5. 5. Journal of Virtual Worlds Research - Born Virtuals and Avapreneurshipcompetence is based on a shared understanding by the members of the group as a whole thatenables the group to successfully achieve its ultimate organizational goals (Ruuska & Teigland,2009). Yet various, related bodies of literature suggest that groups of individuals from across theglobe interacting through Internet-based communication channels are faced with significantchallenges to achieving collective competence and thus successful organizational outcomes.First, the research on teams with members from diverse demographic backgrounds has foundunderlying differences in team members’ behaviors, values, and attitudes and that members notonly notice different information but also perceive the same information differently (Maznevski,1994). As a result, team members tend to lack a shared social reality and may even fail to have acommon “here-and-now” perspective (Blackar, 1984). This research has also found that suchorganizations often suffer from ineffective communication leading to obstacles to effectiveperformance and in some cases even failure (Lerpold, 2003; Maznevski, 1994). Second, research on virtual teams has found that even though virtual teams are commonlyused by traditional real world organizations to organize activity across geographic locations, theyquite often run into problems of team conflict that lead to considerable difficulties in achievingoutcomes (Armstrong & Cole, 2002; Hinds & Mortensen 2005). For example, whencommonalities among members are removed, e.g., location, culture, a team’s mutual awarenessof individual members is disrupted. As a result, the ability to develop shared understandingsamong members is inhibited (Cramton, 2001) and may result in team members misunderstandingeach other when communicating electronically, thus leading to conflict (Wakefield et al, 2009).Moreover, practical challenges such as different time zones create coordination difficulties(Ancona & Caldwell, 1992). Third, the research on virtual, community-based organizations has found that just as in anyorganizational form there is a constant tension between fulfilling individual goals and integratingthem with a common objective (O’Mahony & Ferraro, 2007). Conflict tends to arise whenmembers are unable to resolve problems of power, authority and governance thus inhibiting thelinking of individual efforts to community goals and the coordination of these efforts to fulfillthese goals. Each of the above bodies of literature on various organizational forms has identifiedpotential challenges for Born Virtuals. Thus, the above thus leads us to two research questions:RQ1) What are the challenges for avapreneurs to achieving successful organizational outcomesin Born Virtuals? and RQ2) How can collective competence be developed such that thesechallenges can be overcome?Research Site and Data Collection To address our research questions, we conducted an in-depth qualitative study of PeaceTrain and its first large-scale event, PeaceFest 08 (figure 2). The reason for choosing Peace Trainis that it is an organization entirely conceived of and founded within the virtual world of SecondLife, a true Born Virtual. While the two founding avapreneurs of Peace Train met in a jazz clubin world, they did not disclose each other’s real life identities until several months into theorganization’s activities. A second reason for choosing Peace Train is that it is a fundraisingcharitable organization and these organizations play an important role in society – raising and 7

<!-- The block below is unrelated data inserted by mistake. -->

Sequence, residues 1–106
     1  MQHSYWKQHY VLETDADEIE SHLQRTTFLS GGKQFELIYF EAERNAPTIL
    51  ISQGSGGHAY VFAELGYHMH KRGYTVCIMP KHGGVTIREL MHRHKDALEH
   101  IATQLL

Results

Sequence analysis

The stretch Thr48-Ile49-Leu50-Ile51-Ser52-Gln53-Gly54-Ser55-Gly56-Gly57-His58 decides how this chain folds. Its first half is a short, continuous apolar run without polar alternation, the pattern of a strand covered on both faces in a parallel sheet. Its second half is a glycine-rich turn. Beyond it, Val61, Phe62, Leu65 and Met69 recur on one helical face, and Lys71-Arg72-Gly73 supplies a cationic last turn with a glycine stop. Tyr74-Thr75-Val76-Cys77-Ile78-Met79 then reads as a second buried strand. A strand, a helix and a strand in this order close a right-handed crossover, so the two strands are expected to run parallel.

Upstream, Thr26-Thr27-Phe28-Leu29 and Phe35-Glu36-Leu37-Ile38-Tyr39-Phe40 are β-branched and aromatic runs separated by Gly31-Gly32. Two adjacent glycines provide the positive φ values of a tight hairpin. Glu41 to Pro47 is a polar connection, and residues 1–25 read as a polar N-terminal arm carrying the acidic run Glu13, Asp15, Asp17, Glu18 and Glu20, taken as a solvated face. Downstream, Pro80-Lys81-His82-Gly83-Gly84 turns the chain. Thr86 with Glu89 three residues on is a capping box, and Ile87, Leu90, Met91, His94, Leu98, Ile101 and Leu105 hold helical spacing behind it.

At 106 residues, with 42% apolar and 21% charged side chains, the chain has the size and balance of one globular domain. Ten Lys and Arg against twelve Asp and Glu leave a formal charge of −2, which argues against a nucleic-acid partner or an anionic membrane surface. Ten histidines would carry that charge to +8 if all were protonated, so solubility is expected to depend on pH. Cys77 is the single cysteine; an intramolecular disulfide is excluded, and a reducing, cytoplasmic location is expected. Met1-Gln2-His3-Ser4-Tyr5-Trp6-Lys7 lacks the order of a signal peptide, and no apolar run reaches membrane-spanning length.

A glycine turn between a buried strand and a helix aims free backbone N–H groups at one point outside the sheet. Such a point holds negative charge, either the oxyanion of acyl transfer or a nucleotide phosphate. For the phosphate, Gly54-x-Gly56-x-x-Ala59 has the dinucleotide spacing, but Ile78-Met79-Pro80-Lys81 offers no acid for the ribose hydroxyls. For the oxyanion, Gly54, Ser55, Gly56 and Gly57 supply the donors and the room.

6. 6. Journal of Virtual Worlds Research - Born Virtuals and Avapreneurshipdonating large sums to organizations and individuals in need across the globe. For example, USD203 billion were raised by U.S charitable organizations in 2000 (Andreasen & Kotler, 2003).Generally speaking, charitable organizations that have a global reach tend to be large, moreformal organizations such as the International Red Cross, United Nations Children’s Fund(UNICEF), Amnesty International, and the Peace Corps, while more local charities tend to havea more local reach with volunteers and recipients generally within the same geographic vicinity.However, with the penetration of virtual worlds such as Second Life, individuals who share thesame social interests from across the globe may now join together to participate in jointcharitable activities regardless of geographical, cultural, or organizational boundaries (Teigland,2010). Figure 2. Presentation slideboards and information about PeaceFest 08 As noted above, Peace Train was founded in October 2007. Preparations were initiallyorganized within the virtual world of Second Life as the Peace Train group was formed andbegan to attract membership informally. Eventually, formal planning meetings were scheduled,drawing attendees primarily from countries in Europe and the Americas. The Peace Train teamexpanded to around 100 members, and it relied on technologies beyond Second Life to finalizeplanning (e.g., Google docs and calendars, team wiki and event blog). It is also important to notethat at no point in the planning did the members of Peace Train ever meet physically inperson.Taking advantage of technologies that allow real-time communication and presentation ofvisuals as well as a growing network of performers and artists in the space, the Peace Train teamorganized over 100 live events during the three/day PeaceFest from August 15 to August 17,2008 (figure 3). While some of these events were live interviews and presentations withrepresentatives of various charitable organizations around the world, the bulk of these eventswere of an artistic nature–live music, poetry, visual (two- and three-dimensional works),theatrical performances and even guided meditations and a virtual sailing contest. After ananalysis of the attendance at the events, it was estimated that between 8,000 and 10,000 avatarsfrom across the globe attended some portion of PeaceFest… way above the expectations of thePeace Train organization. In fact, some Peace Train members even stated that they wereoverwhelmed by the outpouring of avatars for PeaceFest. While it was difficult to get anydemographic data on these avatars due to the nature of SL, it became clear through means suchas discussions with other avatars and reading of avatar profiles that these individuals were truly 8